Trust also fades into the wind when your promise isn’t believable.

 

The Right Promise

 

Making the right promise is NOT about hyperbole and exaggerations, it’s about matching the promise correctly with the core desires of your target prospects. This is the heart of what I call “harmonization”.

And more importantly — you must CONTINUE the pathway of trust throughout your marketing process too.

We’ll compare 2 different sales processes in just a moment, so you can clearly see what you shouldn’t do… and what you should do as well.

The reality is, that almost every marketing process FAILS because of either:

1.    Ineffective promises and claims that don’t resonate with that prospect

2.    Incongruencies in the marketing process

And we’re going to look at how to solve BOTH of these problems.

First, let me illustrate an example of a BAD marketing process that fails, using the golfing example we mentioned earlier.

1.    Uncle Joe surfs on his favorite golf site and is reading an article about golf vacations in Scotland.
2.    He sees a banner about a new golf club and clicks on it.
3.    He goes to the new golf club site and asks for a report that talks about “How to Improve Your Golf Game”.
4.    He reads the report and gets a few tips.
5.    He then clicks on a link that brings him to the main sales letter to sell him golf clubs.
6.    He then goes to the order page to check out the price.
7.    He abandons the process because he wasn’t looking for golf clubs in the first place.. or… the incongruency “threw him off”.

 

Let’s compare that to what I would consider is a “winning marketing process” using the same golf club example.

 

1.    Mr. Gronkbee surfs on his favorite golf site and he’s reading an article on “hitting longer drives”.
2.    He sees a banner about a new golf club that guarantees to add “50 yards to his drive” and clicks on it.
3.    He goes to the new golf club site and asks for a report that explains “The science of 300 yard drives”.
4.    He reads the report and he gets excited about the science behind the new cutting-edge material that delivers longer drives.
5.    He then clicks on a link that brings him to the main sales letter. He reads a ton of great testimonials from golfers who say it’s added a 50 yards or more to their drives.
6.    He then goes to the order page and he places his order. He gets the product and uses it. And he’s smashing balls further than ever before. He become an evangelist for those clubs and the company that sell them.

 

Why Is This A “Winning Marketing Process”?

 

Expectations begin as soon as someone reads your first ad that’s designed to get them to click. And you need to DELIVER on those expectations throughout every marketing pathway you create.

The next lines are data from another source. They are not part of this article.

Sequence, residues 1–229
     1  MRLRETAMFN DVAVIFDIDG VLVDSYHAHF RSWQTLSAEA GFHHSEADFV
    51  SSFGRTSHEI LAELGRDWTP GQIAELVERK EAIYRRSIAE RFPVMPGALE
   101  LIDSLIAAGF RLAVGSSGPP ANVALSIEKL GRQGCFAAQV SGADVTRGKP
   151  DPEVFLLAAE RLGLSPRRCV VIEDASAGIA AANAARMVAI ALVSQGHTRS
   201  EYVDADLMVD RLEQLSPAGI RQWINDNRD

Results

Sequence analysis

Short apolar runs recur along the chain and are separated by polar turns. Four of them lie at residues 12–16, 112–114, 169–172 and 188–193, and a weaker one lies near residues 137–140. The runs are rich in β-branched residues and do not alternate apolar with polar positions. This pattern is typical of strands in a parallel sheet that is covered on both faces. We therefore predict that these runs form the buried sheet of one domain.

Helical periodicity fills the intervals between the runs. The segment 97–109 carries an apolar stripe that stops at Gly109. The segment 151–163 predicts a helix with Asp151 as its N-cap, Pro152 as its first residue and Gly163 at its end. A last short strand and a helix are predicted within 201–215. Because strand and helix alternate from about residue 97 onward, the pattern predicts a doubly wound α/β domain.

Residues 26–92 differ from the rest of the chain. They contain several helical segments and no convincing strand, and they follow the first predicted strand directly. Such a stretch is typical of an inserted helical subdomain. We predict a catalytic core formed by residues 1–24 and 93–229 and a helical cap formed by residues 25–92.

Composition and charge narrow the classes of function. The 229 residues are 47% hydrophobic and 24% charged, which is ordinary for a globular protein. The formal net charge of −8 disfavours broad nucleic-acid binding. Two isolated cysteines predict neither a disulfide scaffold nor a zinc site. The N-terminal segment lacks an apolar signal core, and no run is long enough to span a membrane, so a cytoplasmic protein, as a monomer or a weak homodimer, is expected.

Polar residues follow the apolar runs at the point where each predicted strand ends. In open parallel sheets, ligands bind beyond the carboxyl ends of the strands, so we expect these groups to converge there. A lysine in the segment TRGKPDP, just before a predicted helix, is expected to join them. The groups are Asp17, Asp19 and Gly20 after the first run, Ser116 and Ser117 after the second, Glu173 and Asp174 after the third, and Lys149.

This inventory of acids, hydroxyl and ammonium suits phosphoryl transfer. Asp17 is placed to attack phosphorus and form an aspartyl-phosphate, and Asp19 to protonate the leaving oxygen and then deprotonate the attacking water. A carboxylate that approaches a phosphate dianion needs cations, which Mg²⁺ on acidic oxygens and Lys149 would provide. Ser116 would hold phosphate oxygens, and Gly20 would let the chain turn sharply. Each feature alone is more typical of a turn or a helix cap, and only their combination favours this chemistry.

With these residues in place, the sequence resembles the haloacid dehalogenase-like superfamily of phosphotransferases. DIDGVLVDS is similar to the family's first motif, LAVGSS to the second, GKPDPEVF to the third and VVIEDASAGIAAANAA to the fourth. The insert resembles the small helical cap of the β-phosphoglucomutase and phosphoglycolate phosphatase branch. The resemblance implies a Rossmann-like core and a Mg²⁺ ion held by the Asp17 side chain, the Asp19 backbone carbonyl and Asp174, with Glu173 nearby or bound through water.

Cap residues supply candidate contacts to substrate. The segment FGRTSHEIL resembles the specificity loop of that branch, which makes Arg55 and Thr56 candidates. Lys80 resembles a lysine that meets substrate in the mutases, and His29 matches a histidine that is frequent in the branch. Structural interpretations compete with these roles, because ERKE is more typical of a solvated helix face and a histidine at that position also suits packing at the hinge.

So take the time to “harmonize” your sales process – from the ad right through to the sales page, order page, and the product or service you offer.

It’s simple really. By giving potential customers what they want, you’ll develop a marketing funnel that works.

Byipsblog

Developing The Right Business Building Mindset

Very few “experts” will ever admit that their suggestions are simply their BEST GUESSES.

I’m almost willing to bet that if you go to 100 big Madison avenue advertising agencies, not one will ever say:

“You know what Mr. Jones… We’ve got what we think is a great idea. But the real truth is… We have no clue if this is going to work or not. So let’s test it and find out.”

Now don’t get me wrong. Many expert opinions are very valuable and have tremendous impact.

But the reality is, no one “knows” anything until it’s actually tested and the market votes with their wallets and credit cards.

Markets and people’s behaviors are changing faster than ever now, thanks to the web. And yet, at the same time, the internet and technology has allowed a new breed of business builders to emerge who understand this key principle.

I call them “Extreme Optimizers”.

These are the people that apply the same techniques and processes that my team and I use to optimize our own business and other businesses’ marketing.

 

The Winning Mindset

 

In our optimization company, one of our core values is: “Testing ends all arguments”.

That’s because split-testing crushes opinions and theories and replaces them with market-driven realities. So instead of guesswork, you have real-world results to guide your decision making.

And the best mindset to have as you test is a simple, curiosity-driven “Don’t Know” attitude. You say to yourself: “I’m going to try this and see what happens.” And as they say: “The numbers don’t lie.”

Too many marketers let their opinions blind them. They think they “know what works” because they’ve been “writing sales letters for years” or they’ve been “running their business for years”.

But a more effective, and arguably more profitable, attitude to have is, “I don’t know anything – I’m just going to let the market tell me what works and what doesn’t.”

And when you get deep into testing, you’ll discover that 80% of the ideas that you were sure were “great” don’t work… while the crazy ideas, that you never thought would work, end up boosting your conversion rates.

After a while, you quickly start realizing that you don’t know much. AND THAT’S A HUGE BREAKTHROUGH… because then you’ll let your market, prospects and clients TELL you what works and what doesn’t instead.

It’s a critical and important paradigm shift that can make all the difference to your results.

What’s your experience with split testing? Let us know in the comments below.